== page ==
Your squash should be ready by now, tender enough to be pierced with a fork (the same way you would test a potato).  Discard any excess water and move the squash to a food processor.  If you do not own a food processor then a blender or potato masher will work perfectly fine.  To the squash, add one tbs good honey, one quarter tsp kosher salt, one tbs unsalted butter, one eighth tsp freshly ground black pepper and a pinch of nutmeg.  Blend until smooth and taste for seasoning.  Keep the lid on so the purée will stay warm as you finish off the meal.
Set the same pot you used to cook the squash back on the stove over medium low heat.  Add one tsp olive oil.  Measure four cups of fresh spinach and add them to the warm olive oil.  Toss lightly and sprinkle one quarter tsp salt and one eighth tsp freshly ground black pepper over the greens.  Squeeze the juice of one lime into the pan and mix the spinach to coat.  Allow the spinach to cook for five minutes, keeping the heat on medium low and mixing every minute or so to keep from burning.  Add the pancetta to the spinach mixture.
As you are prepping the spinach, set a third sautée pan over medium high heat.  Add one tbs olive oil and warm until very hot but not smoking (you will see rings begin to form in the oil).  Season the salmon filets with one quarter tsp kosher salt and one eighth tsp freshly ground black pepper.  Timing will vary depending on the thickness of your filet.  My salmon was very thin – about three quarters of an inch at the thickest point – and I prefer for the center to be medium, at the most.  I seared my filets for a total of four minutes, three minutes with the top side down and the final minute on the opposite side.  Adjust your timing accordingly but do try to keep the temperature high, creating a crispy crust while the center stays warm and tender.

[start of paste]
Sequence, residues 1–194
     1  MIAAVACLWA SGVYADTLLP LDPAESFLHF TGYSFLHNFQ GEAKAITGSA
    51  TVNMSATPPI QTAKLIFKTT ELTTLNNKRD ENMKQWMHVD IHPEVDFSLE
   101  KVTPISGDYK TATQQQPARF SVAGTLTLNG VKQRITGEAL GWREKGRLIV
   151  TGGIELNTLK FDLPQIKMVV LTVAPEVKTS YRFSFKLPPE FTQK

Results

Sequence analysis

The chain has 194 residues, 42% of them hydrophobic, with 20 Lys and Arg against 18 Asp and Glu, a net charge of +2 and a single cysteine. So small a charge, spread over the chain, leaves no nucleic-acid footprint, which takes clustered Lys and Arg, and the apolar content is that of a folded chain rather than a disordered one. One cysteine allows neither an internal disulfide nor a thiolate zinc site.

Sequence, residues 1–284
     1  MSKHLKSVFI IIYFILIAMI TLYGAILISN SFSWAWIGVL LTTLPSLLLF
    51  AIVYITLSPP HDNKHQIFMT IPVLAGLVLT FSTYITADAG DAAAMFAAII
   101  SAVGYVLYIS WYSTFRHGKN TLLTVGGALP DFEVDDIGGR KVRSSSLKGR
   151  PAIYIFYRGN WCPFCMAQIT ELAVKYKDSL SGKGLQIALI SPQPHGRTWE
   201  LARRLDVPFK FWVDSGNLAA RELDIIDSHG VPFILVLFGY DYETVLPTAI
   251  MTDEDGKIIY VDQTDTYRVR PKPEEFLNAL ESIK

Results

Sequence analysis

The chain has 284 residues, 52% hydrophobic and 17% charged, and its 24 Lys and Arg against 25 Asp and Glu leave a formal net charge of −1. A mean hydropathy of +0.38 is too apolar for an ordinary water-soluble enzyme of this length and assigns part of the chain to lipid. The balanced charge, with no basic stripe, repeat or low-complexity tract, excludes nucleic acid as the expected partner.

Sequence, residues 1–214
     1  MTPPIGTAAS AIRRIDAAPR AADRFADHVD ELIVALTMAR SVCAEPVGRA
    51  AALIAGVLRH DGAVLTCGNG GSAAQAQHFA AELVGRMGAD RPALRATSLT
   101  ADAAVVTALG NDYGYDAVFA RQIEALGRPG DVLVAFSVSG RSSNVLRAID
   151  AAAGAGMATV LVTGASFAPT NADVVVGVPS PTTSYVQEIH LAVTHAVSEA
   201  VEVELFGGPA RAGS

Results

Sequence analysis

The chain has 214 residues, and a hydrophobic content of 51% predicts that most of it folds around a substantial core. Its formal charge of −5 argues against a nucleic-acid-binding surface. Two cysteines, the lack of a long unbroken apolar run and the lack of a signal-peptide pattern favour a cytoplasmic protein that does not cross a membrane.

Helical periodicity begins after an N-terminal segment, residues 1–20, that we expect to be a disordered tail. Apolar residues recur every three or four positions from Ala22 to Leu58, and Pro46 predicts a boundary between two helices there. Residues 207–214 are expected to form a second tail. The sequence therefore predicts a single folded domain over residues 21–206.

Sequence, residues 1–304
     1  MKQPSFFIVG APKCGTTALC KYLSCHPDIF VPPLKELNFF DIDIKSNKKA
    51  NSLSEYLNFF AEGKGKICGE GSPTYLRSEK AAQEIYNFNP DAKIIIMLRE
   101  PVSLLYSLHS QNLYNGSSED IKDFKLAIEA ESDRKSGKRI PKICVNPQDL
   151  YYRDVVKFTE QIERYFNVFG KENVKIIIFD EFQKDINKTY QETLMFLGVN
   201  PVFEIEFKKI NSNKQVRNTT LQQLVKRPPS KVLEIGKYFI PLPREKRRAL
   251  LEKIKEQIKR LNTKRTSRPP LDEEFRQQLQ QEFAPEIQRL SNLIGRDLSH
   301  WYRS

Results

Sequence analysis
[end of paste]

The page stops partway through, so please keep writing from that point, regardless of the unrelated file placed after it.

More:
As soon as the salmon has finished cooking begin to plate, starting with a layer of butternut squash purée as the base, topped with the spinach-pancetta mixture and then finished off with the salmon filet.  Discard the garlic clove from the cream sauce and give it a final whisk to make sure it is well blended.  Spoon the warm sauce over the salmon and serve immediately.

Lindsey McClave
Lindsey McClave has a deep love for food, wine and travel. While she has no intentions of becoming a chef or a sommelier and doesn't consider herself an expert in any culinary area, she is obsessed with learning.

She says, "the one thing I've taken away from my wine travels is that wine is meant for everyone - rich, poor, and everywhere in-between.” Whatever cooking becomes to you, she encourages you to find that foodie place, embrace it and run with it.